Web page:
And the book does stop in January 1642, which means that its chronological scope can't really cover some of the things you mention in your review. Within these limits I think it is absolutely reasonable for Adamson to argue that the outbreak of the war - in the sense of Charles and Parliament coming to blows - is driven by the sustained efforts of the Junto to achieve a quasi-republican settlement. Yes of course when it comes to recruiting armies, to choosing sides etc this doesn't look at the motivations of working people, but in terms of Adamson's focus - what was going on in London/Edinburgh/Dublin politics that caused the rift between King and Parliament - the book, for me, breaks new ground.

I'm sure you're right that Adamson has some sympathies with Charles I (and Strafford, too) - read his chapter in Niall Ferguson's "Virtual History" for a rollicking attempt to imagine the ancien regime in England continuing into the late eighteenth century had Charles only been able to defeat the Scots. But I'm not sure you can argue that he denigrates Cromwell because of his politics. See for example his chapter in John Morrill's "Oliver Cromwell and the Puritan Revolution", in which he conducts a close and considered analysis of Cromwell's attitudes to Parliament and his behaviour in the Long Parliament.

Monday, 26 September 2011

The Noble Revolt: The Overthrow of Charles I by John Adamson 576 pp, Weidenfeld & Nicolson, £25

"he has impressively uncovered a neglected aspect of the mentality of the age. It does not follow that the juntos were the cause of the war or that the war was what they thought it was".

Diane Purkiss

John Adamson is a competent historian and his book is well written and extensively researched. The Noble Revolt has been described as "a work of great style and imagination as well as scholarship... As with a great 19th-century novel, the story and the characters will become your friends for life."[1]

Adamson's books on the English revolution are part of what has become the 'post-revisionist' school of history writing. The main characteristic of this school is the rejection of both Marxist and Whig historiography. Before the Post-Revisionist we had just the revisionists. These historians were also characterised by a rejection of Marxist historiography.

As Sarah Mortimer describes, even the word revolution was taboo "revolution is a very un-English activity and in the 1980s' revisionist,' historians doubted whether England ever really had one. Instead, they argued that the English Civil War of the 1640s was something of an accident. Charles I's realm was beset with structural problems (including a rickety financial system and three entirely different kingdoms) that would have taxed even the most astute politician. And Charles was far from being that: his blend of self-righteousness and inability to compromise left England vulnerable to the sparks of rebellion. That spark came from Scotland, which in 1639 rose up against Charles' heavy-handed religious policies. Two years later the Irish rebelled; the changing situation in Britain had brought the latent religious and ethnic pressures there to boiling point. The English Civil War was, therefore, part of the Wars of the Three Kingdoms, with England the last to take up arms against its king. This interpretation was set out in Conrad Russell's The Causes of the English Civil War (Clarendon Press,1990), but two decades later the picture no longer seems so clear and historians have begun to wonder whether England was quite so unrevolutionary as the revisionists suggested."[2]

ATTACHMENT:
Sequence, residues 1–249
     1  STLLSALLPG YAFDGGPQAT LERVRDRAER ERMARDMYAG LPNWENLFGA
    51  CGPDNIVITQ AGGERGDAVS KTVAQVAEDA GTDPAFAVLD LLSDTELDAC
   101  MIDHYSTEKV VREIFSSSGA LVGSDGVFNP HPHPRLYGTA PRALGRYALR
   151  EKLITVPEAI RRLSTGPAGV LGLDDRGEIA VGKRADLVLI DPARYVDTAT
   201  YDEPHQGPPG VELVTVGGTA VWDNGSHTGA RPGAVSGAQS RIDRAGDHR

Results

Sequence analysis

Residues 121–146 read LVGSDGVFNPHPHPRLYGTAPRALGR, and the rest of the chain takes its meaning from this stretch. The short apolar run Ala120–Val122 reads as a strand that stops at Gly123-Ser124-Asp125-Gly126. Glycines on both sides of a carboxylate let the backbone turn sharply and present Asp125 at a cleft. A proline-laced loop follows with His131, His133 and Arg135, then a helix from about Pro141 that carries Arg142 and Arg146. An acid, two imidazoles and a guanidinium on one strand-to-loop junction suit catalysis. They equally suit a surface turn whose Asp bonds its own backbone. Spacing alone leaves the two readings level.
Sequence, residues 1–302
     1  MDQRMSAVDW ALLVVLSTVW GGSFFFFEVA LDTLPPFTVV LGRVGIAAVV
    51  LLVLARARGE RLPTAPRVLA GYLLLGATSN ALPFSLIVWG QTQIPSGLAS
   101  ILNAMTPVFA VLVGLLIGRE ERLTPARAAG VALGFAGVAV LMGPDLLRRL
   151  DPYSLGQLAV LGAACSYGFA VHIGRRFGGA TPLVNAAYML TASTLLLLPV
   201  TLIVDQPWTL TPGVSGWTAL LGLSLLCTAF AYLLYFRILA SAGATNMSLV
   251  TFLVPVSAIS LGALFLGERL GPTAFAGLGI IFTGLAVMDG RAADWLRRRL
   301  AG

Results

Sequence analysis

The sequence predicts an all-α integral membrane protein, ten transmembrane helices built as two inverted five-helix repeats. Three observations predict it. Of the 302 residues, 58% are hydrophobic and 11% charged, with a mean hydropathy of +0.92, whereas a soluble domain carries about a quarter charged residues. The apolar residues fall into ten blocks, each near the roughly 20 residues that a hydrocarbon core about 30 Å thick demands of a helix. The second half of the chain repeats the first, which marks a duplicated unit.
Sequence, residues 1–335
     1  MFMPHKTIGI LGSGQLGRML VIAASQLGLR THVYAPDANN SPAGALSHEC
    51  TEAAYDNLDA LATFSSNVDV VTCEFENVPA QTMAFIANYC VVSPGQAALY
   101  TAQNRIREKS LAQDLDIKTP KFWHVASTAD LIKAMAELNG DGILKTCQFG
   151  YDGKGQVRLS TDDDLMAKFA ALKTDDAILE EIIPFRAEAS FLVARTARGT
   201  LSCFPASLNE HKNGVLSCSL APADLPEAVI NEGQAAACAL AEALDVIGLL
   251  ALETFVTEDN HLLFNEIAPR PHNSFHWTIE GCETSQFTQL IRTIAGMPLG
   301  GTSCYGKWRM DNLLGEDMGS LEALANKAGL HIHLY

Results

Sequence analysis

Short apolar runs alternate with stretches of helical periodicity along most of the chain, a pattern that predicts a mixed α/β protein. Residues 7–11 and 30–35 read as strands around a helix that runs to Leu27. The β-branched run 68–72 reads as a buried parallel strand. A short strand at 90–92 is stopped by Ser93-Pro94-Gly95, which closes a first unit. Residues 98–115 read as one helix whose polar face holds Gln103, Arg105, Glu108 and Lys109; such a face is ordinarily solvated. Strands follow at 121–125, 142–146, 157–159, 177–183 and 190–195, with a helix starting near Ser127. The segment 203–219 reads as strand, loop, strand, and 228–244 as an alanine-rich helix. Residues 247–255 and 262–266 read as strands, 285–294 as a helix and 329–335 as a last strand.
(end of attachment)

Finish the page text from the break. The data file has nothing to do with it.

The book is beautifully illustrated with full-colour photos, helpful maps and plans. You get the feeling that a lot of money was spent on this book. Which is a little strange as it appeals to such a small audience.

The chronological dates of the book are May 1640 and January 10, 1642, when the king departed London. The layer studied by Adamson composed a minuscule part of the English ruling elite in the early 1640s. There nothing wrong in studying this layer but they have to place within the context of the revolution.

Not all historians have been enamoured with Adamson's book The historian R C Richardson has called the book title and subtitle" both highly misleading. The events documented in this book did not lead to the overthrow of Charles I. As Adamson himself now concedes, what happened in the 1640s "was no mere barons' war" and the "baronial context" was one of several that coalesced at the time. "Nor was it a revolt of the nobility, or even the major part of the nobility, acting alone".[3]